I can plug my asus devices direct to a vga or hdmi projector. for apple I need a external plug. then the same for network. then the same for SD cards, I need a special shorter one. then for 3.5mm phone jacks, for apple I ned one with COMM in the MIC pin and vice versa. etc.
the market was always gullible to all that and they know it. so they will continue with the trend until the money flow stops.
Because DisplayPort is a much better and more versatile standard than HDMI. I have no idea why projectors are switching to the shitty foosball TV standard instead of it.
The barrel jack is a hack and has a tonne of downsides. We hacked stereo into a mono plug. We then hacked a mic into the stereo plug. Hotplug detection is a patented minefield mess. It's a big plug that tends to collect cruft and makes it difficult to waterproof devices.
Eventually we'll have USB-C DACs that are cheap and small enough to keep connected to the ends of your headphones. For people that don't care about audio quality, a $5 Chinese-branded adapter from Amazon will be indistinguishable in a few years.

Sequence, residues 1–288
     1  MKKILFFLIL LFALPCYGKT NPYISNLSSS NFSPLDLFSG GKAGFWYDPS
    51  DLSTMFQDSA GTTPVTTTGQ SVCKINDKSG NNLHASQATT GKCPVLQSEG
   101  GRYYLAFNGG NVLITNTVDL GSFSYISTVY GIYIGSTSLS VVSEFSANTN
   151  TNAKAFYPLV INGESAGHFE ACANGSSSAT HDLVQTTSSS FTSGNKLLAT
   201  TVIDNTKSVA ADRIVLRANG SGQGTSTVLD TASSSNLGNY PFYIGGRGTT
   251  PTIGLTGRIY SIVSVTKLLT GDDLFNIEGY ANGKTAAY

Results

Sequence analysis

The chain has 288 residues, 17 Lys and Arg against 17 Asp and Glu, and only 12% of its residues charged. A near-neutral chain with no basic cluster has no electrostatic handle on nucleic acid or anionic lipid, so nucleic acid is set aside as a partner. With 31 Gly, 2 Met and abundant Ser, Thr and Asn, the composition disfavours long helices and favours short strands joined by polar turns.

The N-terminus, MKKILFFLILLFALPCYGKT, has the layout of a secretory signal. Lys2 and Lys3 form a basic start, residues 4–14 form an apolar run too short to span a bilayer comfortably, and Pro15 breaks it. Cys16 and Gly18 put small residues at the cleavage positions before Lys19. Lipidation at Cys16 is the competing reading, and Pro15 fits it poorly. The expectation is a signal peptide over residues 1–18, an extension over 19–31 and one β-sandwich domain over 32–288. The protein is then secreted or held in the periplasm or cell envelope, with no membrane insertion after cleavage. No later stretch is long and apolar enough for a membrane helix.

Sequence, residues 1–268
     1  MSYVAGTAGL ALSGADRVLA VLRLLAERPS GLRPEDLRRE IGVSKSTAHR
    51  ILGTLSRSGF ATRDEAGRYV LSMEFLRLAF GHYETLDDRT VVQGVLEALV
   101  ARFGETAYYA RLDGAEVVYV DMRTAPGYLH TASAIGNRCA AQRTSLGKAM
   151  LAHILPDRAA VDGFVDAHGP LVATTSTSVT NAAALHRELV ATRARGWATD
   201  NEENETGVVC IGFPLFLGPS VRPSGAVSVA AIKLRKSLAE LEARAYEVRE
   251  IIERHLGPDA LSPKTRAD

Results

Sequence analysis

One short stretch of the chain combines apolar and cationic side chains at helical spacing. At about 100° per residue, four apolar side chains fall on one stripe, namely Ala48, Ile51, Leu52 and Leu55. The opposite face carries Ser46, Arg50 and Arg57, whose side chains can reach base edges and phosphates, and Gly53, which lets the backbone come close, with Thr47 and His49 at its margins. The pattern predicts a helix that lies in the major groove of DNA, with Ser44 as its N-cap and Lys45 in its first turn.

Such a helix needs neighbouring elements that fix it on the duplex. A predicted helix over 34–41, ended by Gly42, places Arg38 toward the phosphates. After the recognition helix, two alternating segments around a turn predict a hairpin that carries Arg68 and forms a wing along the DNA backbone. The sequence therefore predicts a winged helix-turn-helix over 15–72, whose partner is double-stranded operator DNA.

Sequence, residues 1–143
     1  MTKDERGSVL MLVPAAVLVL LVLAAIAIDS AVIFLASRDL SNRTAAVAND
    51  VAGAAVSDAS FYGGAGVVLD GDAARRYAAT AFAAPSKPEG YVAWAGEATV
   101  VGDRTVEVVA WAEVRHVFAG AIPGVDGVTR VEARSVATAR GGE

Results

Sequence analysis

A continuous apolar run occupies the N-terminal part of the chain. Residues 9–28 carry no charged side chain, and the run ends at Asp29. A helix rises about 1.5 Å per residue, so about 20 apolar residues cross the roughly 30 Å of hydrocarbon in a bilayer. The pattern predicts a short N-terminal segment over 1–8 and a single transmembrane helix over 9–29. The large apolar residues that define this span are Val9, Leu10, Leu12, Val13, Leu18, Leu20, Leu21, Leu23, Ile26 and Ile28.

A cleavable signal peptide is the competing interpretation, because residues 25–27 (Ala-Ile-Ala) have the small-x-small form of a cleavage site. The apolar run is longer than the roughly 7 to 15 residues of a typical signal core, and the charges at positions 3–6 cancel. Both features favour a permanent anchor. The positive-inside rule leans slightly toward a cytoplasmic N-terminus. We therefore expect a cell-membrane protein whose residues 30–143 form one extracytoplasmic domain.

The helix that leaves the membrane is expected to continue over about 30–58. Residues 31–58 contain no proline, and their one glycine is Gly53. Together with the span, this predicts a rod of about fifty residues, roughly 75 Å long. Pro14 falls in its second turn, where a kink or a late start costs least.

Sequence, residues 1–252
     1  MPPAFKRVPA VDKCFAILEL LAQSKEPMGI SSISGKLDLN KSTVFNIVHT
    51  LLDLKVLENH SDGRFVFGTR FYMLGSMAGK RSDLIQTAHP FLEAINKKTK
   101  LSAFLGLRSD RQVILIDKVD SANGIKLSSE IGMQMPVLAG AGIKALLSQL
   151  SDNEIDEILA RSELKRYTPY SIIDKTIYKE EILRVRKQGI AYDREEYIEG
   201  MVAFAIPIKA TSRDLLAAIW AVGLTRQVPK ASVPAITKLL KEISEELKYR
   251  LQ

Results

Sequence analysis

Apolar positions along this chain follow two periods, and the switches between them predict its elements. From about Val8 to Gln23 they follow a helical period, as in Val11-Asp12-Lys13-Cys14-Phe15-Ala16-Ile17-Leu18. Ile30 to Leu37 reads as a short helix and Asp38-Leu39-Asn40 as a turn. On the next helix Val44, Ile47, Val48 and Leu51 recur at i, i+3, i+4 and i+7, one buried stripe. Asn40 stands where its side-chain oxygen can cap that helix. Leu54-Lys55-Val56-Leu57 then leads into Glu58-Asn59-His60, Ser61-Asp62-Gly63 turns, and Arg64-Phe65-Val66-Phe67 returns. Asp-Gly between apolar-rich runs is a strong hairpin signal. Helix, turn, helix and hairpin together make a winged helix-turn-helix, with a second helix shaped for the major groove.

Please expand upon the tonne of downsides, because in practice, none of the issues you have mentioned have ever impacted my use of the jack.
Keeping a small cable sized DAC attached to my headphones (once they finally exist) is not my concern. The concern is getting manufacturers to agree to a standard. So instead of one DAC, I'll need more than that, or some set of adapters for whatever that plug ends up being.
Their only saving grace is how robust they are, but that's mostly thrown away by 3.5mm ones, where either the plug bends with remarkable ease, or the plug doesn't bend and the socket gets knocked out of shape with the slightest provocation.
There are better analogue standards around. There always have been. It's mostly a lost cause.
Wrong. This is evidence of a cheaply desigined output circuit. There are many jacks that include muting switches. They are spring loaded, and when contact is lost, a muting circuit is enabled.